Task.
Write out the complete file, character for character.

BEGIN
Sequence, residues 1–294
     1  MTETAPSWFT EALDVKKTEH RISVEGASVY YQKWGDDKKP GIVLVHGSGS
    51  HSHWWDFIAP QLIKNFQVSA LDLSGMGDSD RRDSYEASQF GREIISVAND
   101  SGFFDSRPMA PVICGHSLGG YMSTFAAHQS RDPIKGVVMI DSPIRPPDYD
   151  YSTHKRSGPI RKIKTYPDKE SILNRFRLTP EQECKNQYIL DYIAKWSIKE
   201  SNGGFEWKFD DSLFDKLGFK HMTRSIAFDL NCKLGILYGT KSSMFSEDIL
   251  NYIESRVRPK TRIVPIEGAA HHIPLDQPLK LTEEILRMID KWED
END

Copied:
Sequence, residues 1–294
     1  MTETAPSWFT EALDVKKTEH RISVEGASVY YQKWGDDKKP GIVLVHGSGS
    51  HSHWWDFIAP QLIKNFQVSA LDLSGMGDSD RRDSYEASQF GREIISVAND
   101  SGFFDSRPMA PVICGHSLGG YMSTFAAHQS RDPIKGVVMI DSPIRPPDYD
   151  YSTHKRSGPI RKIKTYPDKE SILNRFRLTP EQECKNQYIL DYIAKWSIKE
   201  SNGGFEWKFD DSLFDKLGFK HMTRSIAFDL NCKLGILYGT KSSMFSEDIL
   251  NYIESRVRPK TRIVPIEGAA HHIPLDQPLK LTEEILRMID KWED